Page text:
How Drones Could Mission Kill a U.S. Destroyer


Navy Destroyer Attacked!” was the headline of every U.S. newspaper and morning talk show on 12 October 2020, the 20-year anniversary of the al Qaeda attack on the USS Cole (DDG-67). A terrorist group used a swarm of drones carrying explosives to cripple the radars and weapon systems of the USS John Basilone (DDG-122) only months before she was due to deploy with her carrier strike group. The John Basilone was moored at Naval Weapons Station Seal Beach and in the process of onloading missiles and ammunition. 

The drone threat has been around for years, but the Navy has yet to prioritize defending against these easily acquired weapons. Amid preparations for a high-end fight, the Navy still is vulnerable to an adversary trading thousand-dollar drones for billion-dollar warships.

How It Could Happen

The Islamic State first used explosive-carrying drones in 2016, and a do-it-yourself drone swarm attack was reported in Syria in 2018. Terrorist groups can purchase high-end commercially available hobbyist drones for around $2,000, masking the money trail by purchasing drones over time from multiple brick-and-mortar stores or by using cryptocurrencies at online retailers.

A top-of-the-line consumer drone such as the DJI Mavic Pro 2 has a range of up to ten nautical miles, a maximum speed of 40 knots, a small payload capacity, and the ability to fly via waypoints. Speed and range would be degraded were the drone equipped with an explosive payload, but range would not necessarily be a limiting factor.

Figuring out when a ship will deploy is not difficult either. Most aircraft carrier strike groups follow predictable deployment schedules to maintain a U.S. naval presence in the western Pacific and the Middle East, and all ships go through a work-up period prior to a deployment that includes short underways, readiness checks, and weapons onloads—making it clear which ships are nearing their deployment dates. Terrorists also could use social media to dig deeper: following the public Facebook pages of warships or infiltrating sailor family and friends Facebook groups and befriending group members to probe for information on ships’ upcoming movements.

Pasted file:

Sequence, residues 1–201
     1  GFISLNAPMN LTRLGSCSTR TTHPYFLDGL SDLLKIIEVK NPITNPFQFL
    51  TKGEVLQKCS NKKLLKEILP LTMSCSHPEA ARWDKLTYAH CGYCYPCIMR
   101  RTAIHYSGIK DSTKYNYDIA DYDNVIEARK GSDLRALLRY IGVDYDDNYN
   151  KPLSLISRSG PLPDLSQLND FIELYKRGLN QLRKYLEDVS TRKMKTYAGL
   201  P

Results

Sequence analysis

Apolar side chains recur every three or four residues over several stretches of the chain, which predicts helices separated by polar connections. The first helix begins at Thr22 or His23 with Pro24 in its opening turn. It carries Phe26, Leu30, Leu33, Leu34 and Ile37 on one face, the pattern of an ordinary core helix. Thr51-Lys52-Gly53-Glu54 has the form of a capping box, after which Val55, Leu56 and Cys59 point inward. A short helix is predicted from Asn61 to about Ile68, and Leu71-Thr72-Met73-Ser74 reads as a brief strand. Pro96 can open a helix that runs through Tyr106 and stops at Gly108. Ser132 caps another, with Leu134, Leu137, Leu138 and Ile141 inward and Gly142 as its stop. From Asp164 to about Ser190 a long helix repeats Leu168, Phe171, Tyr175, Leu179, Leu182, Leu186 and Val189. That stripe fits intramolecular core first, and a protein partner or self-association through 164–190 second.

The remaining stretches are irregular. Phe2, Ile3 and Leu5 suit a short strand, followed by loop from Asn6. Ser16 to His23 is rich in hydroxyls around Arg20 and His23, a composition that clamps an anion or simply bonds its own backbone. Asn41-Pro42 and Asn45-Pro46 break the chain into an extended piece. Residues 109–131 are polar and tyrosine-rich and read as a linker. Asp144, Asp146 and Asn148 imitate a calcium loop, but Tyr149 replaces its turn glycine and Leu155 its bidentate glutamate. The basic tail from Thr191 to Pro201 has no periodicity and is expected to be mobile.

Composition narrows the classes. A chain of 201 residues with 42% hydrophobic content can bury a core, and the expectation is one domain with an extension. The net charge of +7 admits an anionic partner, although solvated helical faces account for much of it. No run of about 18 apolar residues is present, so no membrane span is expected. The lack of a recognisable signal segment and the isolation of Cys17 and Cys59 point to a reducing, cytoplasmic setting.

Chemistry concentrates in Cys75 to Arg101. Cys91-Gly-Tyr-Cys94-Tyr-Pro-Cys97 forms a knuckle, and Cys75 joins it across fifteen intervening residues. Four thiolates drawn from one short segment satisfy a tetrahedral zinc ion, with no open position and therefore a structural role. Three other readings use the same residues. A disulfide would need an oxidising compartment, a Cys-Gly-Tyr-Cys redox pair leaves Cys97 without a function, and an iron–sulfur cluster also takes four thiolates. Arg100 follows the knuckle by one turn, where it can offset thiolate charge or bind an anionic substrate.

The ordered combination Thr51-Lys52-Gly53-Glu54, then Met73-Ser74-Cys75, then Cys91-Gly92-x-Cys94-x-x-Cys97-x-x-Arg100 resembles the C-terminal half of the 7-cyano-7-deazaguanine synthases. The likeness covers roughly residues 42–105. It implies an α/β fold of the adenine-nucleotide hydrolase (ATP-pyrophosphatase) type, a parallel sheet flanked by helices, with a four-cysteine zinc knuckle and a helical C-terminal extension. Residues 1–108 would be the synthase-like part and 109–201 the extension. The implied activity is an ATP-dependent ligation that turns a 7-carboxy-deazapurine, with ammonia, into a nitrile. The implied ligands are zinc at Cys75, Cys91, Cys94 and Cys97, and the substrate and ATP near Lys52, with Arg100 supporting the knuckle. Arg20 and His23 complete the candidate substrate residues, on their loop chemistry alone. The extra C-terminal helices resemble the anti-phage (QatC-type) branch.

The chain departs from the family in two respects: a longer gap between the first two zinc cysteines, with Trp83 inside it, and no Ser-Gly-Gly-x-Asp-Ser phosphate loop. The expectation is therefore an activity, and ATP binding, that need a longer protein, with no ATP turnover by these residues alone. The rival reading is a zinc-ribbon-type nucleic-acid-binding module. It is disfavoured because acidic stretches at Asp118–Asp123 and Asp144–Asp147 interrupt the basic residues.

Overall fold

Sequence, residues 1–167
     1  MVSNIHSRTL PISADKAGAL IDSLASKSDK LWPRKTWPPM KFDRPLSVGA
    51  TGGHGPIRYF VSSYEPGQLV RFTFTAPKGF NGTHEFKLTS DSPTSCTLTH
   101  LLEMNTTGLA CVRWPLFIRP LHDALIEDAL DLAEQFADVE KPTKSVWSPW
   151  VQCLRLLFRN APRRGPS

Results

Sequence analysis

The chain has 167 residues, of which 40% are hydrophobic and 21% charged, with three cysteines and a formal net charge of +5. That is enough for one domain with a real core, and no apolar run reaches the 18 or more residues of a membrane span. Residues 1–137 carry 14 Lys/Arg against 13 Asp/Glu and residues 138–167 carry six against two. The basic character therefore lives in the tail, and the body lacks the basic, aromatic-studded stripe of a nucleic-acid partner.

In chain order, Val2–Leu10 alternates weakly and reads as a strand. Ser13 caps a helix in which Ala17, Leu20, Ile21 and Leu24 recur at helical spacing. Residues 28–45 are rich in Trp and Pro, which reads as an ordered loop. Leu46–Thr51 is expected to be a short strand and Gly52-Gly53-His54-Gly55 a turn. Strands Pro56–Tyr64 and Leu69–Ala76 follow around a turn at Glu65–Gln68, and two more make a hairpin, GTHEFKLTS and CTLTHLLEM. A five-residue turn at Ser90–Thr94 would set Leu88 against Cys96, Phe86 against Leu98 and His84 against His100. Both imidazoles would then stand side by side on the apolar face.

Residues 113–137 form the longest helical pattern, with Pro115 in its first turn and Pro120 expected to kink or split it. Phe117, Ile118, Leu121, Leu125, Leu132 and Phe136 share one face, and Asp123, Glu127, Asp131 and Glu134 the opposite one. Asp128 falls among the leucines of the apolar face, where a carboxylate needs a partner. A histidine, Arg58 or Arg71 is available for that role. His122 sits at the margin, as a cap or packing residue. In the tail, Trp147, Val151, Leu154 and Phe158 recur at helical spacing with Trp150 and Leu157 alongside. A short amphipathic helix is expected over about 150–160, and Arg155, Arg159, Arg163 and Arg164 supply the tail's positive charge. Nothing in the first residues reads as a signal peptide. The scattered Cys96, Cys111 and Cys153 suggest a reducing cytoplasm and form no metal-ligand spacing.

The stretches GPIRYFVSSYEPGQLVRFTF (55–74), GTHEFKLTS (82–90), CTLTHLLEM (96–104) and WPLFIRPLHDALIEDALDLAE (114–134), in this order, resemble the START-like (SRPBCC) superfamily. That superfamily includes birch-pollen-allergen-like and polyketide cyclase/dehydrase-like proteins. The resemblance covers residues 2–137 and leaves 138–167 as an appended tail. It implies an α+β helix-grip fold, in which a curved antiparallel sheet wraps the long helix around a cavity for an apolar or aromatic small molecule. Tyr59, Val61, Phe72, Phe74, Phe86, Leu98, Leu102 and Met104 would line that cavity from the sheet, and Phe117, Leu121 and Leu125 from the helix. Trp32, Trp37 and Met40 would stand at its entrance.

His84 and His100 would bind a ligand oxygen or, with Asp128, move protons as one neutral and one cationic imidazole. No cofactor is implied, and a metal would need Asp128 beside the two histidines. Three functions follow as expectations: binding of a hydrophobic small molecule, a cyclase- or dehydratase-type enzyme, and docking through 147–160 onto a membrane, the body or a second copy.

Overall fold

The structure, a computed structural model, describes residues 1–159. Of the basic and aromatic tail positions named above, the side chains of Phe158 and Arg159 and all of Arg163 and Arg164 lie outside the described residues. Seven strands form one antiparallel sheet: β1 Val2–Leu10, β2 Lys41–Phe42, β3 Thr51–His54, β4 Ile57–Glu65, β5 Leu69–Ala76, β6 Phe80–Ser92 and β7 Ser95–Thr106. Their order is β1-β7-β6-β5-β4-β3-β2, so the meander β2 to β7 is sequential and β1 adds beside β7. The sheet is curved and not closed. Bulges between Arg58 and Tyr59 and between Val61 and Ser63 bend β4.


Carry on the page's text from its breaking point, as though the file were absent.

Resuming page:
To know how to strike the ship, the terrorists could study open-source images of the Arleigh Burke–class guided missile destroyers to determine the locations of key weapon and communications systems. This expensive electronics equipment is vulnerable to drone-carried explosive devices or kamikaze-style attacks. Hobbyists with coding skills have shown they can reprogram drones to track people. Building on this knowledge base, the terrorists could program drones to focus on communications antennas, weapon systems, or radar arrays.

After flying to the waypoint of a target ship, the drones would not need to emit a radio signal to a controller if their final approach were made using electro-optical sensors—their camera eyes—paired with software that tells each drone when and where to strike. Such an approach would make the drones impervious to antidrone systems that jam radio transmissions between the controller and the drone. The drones could strike the SPY radar arrays, half a dozen satellite communications antennas, or the intakes and exhausts of the destroyer’s main engines. Sprinkling these key systems with shrapnel from exploding drones would cause millions of dollars of damage, take months of unplanned maintenance to repair, and leave a destroyer unable to perform its mission.

Warships are most vulnerable when they have limited ability to maneuver—such as in the Suez Canal, Bosphorus Strait, and Panama Canal. But a warship trapped inside Seal Beach’s Anaheim Bay (or any other pier), saddled by cranes onloading thousands of pounds of explosive ammunition, also presents an exposed target. Warships are also vulnerable at sea, because their advanced air defense radars are calibrated for traditional air threats: missiles and tactical aircraft flying hundreds of miles per hour, tens of thousands of feet in the air. Drones flying at lower speed and altitude are difficult to detect if a warship isn’t actively looking for them.

The Way Ahead ….



By Lieutenant (J.G.) Artem Sherbinin, U.S. Navy, and First Lieutenant Richard Kuzma, U.S. Army

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